In most industrialized nations, divisions among social classes show not only in wide disparities between incomes, but also in significant differences between levels of education. And, in most industrialized nations, increases in educational achievement yield gains in income and social standing. In South Africa, an education gap threatens the nation’s bold experiment in multi-cultural democracy. While the education gap between privileged and disadvantaged citizens persists, South Africa cannot reach its full economic and political potential.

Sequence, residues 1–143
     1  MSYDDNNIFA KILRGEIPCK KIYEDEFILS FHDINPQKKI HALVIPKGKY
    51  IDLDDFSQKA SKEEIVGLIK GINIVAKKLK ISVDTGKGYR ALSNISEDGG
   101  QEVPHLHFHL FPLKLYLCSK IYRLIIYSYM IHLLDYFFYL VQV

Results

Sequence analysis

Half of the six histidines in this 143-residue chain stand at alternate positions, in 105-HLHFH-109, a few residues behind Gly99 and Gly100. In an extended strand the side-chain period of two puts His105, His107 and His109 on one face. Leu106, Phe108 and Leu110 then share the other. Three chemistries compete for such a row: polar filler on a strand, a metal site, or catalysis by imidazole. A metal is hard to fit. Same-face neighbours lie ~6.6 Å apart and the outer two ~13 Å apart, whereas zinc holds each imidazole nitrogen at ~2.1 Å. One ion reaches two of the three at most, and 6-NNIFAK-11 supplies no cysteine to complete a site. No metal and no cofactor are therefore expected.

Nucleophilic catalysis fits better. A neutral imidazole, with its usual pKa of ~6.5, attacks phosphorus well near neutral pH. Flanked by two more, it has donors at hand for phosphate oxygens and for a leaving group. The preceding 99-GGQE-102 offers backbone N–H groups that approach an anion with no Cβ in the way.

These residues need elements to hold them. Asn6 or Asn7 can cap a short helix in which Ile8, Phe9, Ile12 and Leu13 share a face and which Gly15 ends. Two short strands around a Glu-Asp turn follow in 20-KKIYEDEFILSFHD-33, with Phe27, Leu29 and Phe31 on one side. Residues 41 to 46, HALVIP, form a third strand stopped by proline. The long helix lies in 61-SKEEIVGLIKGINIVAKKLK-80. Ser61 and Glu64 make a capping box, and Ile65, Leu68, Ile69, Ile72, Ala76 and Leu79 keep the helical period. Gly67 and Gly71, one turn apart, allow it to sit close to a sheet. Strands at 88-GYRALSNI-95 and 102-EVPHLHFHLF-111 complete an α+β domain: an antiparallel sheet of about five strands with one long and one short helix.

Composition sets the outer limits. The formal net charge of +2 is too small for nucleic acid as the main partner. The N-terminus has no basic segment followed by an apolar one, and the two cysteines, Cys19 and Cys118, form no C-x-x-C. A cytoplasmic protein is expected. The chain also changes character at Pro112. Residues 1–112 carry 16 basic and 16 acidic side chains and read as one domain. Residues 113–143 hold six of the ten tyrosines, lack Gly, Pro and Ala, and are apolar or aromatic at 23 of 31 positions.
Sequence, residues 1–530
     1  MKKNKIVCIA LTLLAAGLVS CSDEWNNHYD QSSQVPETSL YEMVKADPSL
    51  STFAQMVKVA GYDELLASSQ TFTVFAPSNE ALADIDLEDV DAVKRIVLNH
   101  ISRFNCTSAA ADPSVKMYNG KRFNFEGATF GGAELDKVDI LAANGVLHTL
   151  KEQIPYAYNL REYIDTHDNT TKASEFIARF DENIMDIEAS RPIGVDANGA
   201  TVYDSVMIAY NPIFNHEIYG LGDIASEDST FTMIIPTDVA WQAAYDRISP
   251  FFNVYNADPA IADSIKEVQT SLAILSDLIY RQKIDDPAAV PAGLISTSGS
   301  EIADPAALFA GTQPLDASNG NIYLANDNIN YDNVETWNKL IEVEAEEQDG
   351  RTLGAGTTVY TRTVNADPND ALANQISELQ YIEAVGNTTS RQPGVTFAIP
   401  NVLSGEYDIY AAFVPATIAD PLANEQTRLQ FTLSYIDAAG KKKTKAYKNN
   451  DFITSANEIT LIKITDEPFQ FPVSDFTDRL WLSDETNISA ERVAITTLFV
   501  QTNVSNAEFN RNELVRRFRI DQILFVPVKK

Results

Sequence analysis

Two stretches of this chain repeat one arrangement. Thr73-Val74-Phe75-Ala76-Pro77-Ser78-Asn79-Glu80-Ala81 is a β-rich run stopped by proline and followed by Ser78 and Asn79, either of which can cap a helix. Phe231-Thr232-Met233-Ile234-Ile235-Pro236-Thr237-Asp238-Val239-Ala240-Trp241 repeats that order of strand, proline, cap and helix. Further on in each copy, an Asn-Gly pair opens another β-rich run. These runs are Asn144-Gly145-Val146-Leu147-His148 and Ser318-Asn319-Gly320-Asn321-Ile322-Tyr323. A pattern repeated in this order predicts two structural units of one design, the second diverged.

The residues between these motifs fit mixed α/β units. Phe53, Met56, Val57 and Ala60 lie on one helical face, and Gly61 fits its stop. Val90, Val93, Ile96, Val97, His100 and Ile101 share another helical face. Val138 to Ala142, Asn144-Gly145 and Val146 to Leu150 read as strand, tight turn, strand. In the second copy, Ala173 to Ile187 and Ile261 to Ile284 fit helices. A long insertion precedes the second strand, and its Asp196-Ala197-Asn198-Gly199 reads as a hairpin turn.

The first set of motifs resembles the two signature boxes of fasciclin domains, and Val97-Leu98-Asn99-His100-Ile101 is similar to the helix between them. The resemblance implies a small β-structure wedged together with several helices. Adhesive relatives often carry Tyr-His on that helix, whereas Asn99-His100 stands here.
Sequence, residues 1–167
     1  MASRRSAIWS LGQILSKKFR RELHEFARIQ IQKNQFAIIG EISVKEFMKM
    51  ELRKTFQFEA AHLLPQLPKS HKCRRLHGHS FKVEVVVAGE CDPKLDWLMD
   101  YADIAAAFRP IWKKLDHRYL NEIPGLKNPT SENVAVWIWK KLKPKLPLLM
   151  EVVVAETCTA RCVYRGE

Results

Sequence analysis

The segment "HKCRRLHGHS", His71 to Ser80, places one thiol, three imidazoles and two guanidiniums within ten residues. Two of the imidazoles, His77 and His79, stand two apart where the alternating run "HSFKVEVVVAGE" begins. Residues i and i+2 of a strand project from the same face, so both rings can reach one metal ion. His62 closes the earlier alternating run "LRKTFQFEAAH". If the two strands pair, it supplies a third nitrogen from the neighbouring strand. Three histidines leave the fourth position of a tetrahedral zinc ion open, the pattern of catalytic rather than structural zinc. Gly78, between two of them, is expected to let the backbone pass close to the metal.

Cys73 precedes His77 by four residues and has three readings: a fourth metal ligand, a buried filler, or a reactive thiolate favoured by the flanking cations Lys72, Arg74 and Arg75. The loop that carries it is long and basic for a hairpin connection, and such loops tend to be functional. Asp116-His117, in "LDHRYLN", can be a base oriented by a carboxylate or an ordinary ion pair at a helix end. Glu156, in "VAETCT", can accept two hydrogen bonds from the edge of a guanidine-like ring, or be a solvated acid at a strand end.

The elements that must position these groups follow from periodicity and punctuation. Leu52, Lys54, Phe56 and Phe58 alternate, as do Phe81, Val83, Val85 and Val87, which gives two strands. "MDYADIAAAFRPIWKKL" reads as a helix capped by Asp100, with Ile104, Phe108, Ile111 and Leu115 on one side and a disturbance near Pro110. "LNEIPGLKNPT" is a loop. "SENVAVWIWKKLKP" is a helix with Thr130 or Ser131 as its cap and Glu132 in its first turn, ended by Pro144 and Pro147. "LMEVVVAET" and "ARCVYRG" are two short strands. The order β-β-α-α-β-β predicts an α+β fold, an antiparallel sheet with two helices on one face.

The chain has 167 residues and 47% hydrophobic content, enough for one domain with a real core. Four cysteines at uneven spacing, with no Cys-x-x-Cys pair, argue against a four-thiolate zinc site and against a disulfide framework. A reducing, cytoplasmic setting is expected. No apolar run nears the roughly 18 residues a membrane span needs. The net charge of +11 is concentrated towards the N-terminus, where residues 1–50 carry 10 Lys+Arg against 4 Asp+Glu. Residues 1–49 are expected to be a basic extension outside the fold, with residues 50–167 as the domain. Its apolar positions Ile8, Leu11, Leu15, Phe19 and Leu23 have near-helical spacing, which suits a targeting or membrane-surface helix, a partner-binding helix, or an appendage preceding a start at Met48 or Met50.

Studies show the education gap poses two significant threats to social equality: Disadvantaged South Africans do not advance as far in school as their more prosperous classmates. And disadvantaged South Africans do not study the same curriculum as their more privileged classmates. Each time the curriculum branches, disadvantaged students outnumber their more prosperous classmates in the lower branches by 5-to-1. After twelve years, disadvantaged students learn far less and a far different subject matter.